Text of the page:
Due to the prices in 2013 is not completed, the market return for financial year (FY) 2012 cannot be estimated reliably. Importantly, averaging rm for 10 years from FY 2002 to FY 2011 is significant for the purpose of determining a more accurate figure. As a result, rm = 8.31%. Because rm is the sum of the risk free interest rate (rf) and a premium for risk (Brealey, Myers and Allen 2011), the risk premium, as a part of CAPM equation, can be calculated through: rm = rf + risk premium risk premium = rm – rf
Based on the previous analysis, rf = 3.26% and rm = 8.31%, risk premium = 8.31% – 3.26% = 5.09%. According to the report from last year, the market risk premium is estimated to be 6.0% in October (Michael, Blake and Zolotic 2012), the estimated value of 5.09% is reasonable.
According to the financial information from Reuters (2013), Woolworths’ beta (β) = 0.34. Therefore, by applying CAPM:
Calculation of Next Dividend Payment
The next dividend payment should be determined by using:
In which, d0 is the current dividend payment, d1 is the dividend for the next financial year and g is the growth rate.
The table above shows the dividend history of Woolworths (Morningstar 2013). Since, the total dividend payment in 2012 is $67+59 = $126 cents/$1.26 per share, which should be d0, and the growth rate is estimated to be 7.68% in the previous calculations, d1 = 1.26*(1+7.68%) = $1.36, which is the total dividend payment for 2013. As the interim dividend for 2013 has already paid on 26/04/2013, the final dividend for 2013 which is the next dividend payment should be: $1.36–0.62=$0.74 per share.
Determination of Expected Current Share Price
The constant divident growth model, which is Gordon’s Growth Model, is used for estimating the current share price: In which, P0 refers to the current share price, d1 is the divident payment for the next year, re is the required rate of return and g is the growth rate.
In order to calculate the current price P0, firstly, d1 need be calculated which should be the dividend for the next year – 2014. Hence, d1 = 1.36*(1+7.68%) = $ 1.46
As required rate of return (re) consists of both capital gains and dividend yields (Mellare 2013) and capital gains is the same as g (Mathis 2001), re = capital gains (g) + dividend yields.
According to the historical data from annural report of Woolworth (2012), taking the average of all of the dividend yields for the last five years – from 2008 to 2012, the dividend yield = 3.8808%. Therefore, re = 7.68% + 3.88% = 11.56%
Lastly, the expected current share price in 2013 is:
P0 = 1.46/(11.56%-7.68%) = $ 37.63
Recommodation and Discussion
Investment decisions are rely on the return and risk associated with a security. According to CAPM, actural returns are measured by beta, which is defined as a security’s sencitivity relative to the changes in the value of the market portfolio (Brealey, Myers and Allen 2011), over the long run. Beta of Woolworths Limited is 0.34 (Reuters 2013), which is a good sign as it indicates that the company is insensitive to the market risk.
Comparing it with other companies, Wesfarmers Limited (WES), the Perth-based conglomerate which selling food to customers (Greenblat 2013), has same situation with Woolworths in terms of growing trend of dividend payment and sharing market risk as they operates within the same industry – food industriy. Beta of Wesfarmers is 0.96 (Reuters 2013),which means that Wesfarmers is more risky than Woolworths as it is as risky as the market porfolio (Brealey, Myers and Allen 2011). As well, beta of Goodman Fielder (GFF), another food company, is 0.98 (Reuters 2013), which means it shares almost the same risk with the market porfolio (Mellare 2013) – realtively in the same situation with Wesfarmers. Therefore, when concerning with the risks, it is recommended to invest in Woolworths.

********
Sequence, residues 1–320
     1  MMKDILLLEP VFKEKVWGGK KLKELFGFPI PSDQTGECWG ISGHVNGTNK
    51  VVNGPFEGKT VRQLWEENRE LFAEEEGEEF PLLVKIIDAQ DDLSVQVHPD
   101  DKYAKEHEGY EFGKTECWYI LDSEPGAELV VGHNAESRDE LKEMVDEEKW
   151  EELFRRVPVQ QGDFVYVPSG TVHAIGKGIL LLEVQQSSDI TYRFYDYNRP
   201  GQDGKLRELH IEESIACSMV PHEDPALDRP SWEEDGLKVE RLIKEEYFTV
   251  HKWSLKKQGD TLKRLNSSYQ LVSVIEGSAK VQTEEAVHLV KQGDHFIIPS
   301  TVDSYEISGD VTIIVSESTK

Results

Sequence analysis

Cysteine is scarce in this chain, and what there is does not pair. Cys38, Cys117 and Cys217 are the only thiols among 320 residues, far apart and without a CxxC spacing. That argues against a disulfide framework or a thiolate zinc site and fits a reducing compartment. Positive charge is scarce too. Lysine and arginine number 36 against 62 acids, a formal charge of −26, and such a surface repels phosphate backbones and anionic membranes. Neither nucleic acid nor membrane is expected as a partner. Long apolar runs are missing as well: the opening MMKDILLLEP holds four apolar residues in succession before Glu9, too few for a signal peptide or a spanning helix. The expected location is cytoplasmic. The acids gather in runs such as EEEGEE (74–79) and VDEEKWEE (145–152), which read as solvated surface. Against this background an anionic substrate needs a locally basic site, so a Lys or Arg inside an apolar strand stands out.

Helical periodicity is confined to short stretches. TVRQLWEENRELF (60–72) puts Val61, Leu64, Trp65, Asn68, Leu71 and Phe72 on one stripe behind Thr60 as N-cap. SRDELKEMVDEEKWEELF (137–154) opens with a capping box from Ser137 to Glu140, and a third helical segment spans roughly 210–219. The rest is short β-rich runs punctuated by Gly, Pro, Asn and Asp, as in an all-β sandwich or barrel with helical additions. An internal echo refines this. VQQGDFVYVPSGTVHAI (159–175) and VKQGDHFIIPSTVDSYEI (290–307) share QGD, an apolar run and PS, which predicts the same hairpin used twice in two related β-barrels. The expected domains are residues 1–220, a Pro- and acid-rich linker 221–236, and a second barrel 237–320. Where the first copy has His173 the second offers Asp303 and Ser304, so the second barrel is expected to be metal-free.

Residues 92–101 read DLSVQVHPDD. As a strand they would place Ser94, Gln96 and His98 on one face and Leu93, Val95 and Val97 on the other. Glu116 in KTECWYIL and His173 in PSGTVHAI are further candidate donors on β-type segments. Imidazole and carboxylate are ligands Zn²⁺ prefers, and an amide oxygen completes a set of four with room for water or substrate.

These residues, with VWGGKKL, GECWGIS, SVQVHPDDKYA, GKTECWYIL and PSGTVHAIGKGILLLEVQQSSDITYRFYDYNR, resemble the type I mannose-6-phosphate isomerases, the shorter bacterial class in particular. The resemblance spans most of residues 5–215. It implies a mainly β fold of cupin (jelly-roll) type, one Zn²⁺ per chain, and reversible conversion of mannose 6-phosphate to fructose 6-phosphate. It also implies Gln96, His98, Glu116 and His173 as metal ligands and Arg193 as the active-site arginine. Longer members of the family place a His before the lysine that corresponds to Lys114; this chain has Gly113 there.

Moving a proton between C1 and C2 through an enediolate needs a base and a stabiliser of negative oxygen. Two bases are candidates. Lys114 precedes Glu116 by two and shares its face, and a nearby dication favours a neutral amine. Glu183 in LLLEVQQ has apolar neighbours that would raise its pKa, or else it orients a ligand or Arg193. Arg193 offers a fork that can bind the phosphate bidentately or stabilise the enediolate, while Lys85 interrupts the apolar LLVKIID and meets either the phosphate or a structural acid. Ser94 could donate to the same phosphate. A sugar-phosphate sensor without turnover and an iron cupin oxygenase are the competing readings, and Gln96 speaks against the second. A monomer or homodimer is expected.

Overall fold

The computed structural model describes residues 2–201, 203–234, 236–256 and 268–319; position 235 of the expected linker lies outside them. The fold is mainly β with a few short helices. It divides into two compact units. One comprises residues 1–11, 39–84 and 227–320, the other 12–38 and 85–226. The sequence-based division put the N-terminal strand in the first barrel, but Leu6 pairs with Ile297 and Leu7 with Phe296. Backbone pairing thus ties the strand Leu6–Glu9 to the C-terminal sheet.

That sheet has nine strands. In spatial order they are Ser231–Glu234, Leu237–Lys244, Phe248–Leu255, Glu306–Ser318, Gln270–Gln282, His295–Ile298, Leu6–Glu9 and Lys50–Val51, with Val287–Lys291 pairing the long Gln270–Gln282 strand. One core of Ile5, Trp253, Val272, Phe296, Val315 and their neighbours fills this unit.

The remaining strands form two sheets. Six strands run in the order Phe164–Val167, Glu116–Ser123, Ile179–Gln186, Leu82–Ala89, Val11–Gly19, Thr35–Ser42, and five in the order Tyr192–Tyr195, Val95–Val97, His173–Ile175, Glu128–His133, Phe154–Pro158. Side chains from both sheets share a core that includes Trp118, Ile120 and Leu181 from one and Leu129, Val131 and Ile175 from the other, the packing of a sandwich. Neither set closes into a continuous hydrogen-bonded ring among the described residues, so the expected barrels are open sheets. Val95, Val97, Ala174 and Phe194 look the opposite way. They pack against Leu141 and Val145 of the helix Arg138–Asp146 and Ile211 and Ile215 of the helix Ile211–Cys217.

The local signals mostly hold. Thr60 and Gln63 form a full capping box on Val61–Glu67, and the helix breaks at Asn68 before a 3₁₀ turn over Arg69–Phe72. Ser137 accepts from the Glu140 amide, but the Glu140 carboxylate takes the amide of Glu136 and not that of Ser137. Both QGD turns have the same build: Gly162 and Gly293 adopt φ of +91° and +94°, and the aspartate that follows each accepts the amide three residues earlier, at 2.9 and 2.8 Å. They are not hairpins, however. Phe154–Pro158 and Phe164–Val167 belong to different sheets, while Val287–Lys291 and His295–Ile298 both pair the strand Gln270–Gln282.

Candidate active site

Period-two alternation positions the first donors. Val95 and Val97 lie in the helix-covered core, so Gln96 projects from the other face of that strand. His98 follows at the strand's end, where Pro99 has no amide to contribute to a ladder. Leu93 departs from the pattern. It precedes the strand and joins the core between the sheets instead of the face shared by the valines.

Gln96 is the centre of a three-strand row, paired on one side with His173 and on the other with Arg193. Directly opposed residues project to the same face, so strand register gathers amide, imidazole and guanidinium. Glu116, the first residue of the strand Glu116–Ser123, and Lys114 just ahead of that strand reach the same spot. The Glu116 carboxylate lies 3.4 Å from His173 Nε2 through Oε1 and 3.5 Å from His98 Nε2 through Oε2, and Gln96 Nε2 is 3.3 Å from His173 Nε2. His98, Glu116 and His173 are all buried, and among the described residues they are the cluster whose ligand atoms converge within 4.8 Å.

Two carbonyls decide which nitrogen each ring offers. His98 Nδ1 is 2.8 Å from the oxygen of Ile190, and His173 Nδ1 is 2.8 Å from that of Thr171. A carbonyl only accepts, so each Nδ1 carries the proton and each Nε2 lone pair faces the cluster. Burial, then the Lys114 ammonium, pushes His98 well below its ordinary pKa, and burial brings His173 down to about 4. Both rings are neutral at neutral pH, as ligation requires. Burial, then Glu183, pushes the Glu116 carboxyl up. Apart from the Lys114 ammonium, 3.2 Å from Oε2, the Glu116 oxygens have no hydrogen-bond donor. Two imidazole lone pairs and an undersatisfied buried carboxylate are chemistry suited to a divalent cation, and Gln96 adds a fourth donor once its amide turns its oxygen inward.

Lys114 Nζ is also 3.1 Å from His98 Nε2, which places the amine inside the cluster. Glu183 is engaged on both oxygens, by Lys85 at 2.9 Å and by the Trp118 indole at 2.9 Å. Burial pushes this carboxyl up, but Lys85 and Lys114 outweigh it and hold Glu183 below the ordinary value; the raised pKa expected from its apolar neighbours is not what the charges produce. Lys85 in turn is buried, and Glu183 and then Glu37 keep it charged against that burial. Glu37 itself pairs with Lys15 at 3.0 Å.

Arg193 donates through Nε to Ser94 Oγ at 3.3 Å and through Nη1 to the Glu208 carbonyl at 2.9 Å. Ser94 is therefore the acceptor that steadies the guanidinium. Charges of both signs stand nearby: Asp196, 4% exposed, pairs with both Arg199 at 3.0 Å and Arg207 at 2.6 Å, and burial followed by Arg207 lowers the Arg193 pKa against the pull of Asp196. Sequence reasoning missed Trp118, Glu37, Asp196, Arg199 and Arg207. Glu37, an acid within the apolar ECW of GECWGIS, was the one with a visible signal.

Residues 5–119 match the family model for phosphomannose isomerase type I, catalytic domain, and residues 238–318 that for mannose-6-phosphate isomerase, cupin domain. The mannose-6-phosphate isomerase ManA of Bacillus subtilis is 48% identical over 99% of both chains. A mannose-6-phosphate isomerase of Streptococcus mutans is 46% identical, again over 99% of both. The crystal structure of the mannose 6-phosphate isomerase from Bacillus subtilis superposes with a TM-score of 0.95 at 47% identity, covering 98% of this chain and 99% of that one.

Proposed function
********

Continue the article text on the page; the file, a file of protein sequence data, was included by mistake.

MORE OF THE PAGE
However, under CAPM, high-beta securities will result in high return: ri = rf + β*(rm – rf)
As all of these three companies are in the same market, they share the same market risk but the proportion is different based on their beta. Although, securities of Wesfarmers and Goodman Fielder are more risky than Woolworths due to higher beta, they provide higher return to investors. Since investment decisions are depend on personal interests (Mellare 2013), it cannot be denied that there are a few investors prefer higher returns with higher risks. Moreover, the higher returns compensate investors for higher risk, hence, it is unlikely to determine whether invest in Woolworths is a better option.
Nevertheless, investing in Woolworth is still recommended. Investing in low-risk securities provides constant and stable returns. Investing in Woolworths is worthwhile not only because Woolworths provides quite constant returns, but also its potential to growth due to its strong profitability and cash flows (WOW – Woolworths Limited 2012).
Overall, it is recommended to invest in Woolworths.
It is important to notice that there are a number of limitations for this report. Firstly, the method used for calculating dividend growth is based on the assumptions – constant dividend payout and return on equity, but in reality, both dividend payout and return on equity are unlikely to be constant. Consequently, the calculation of g may not be accurate. As well, since the 10-year government bond rate, which is considered as risk free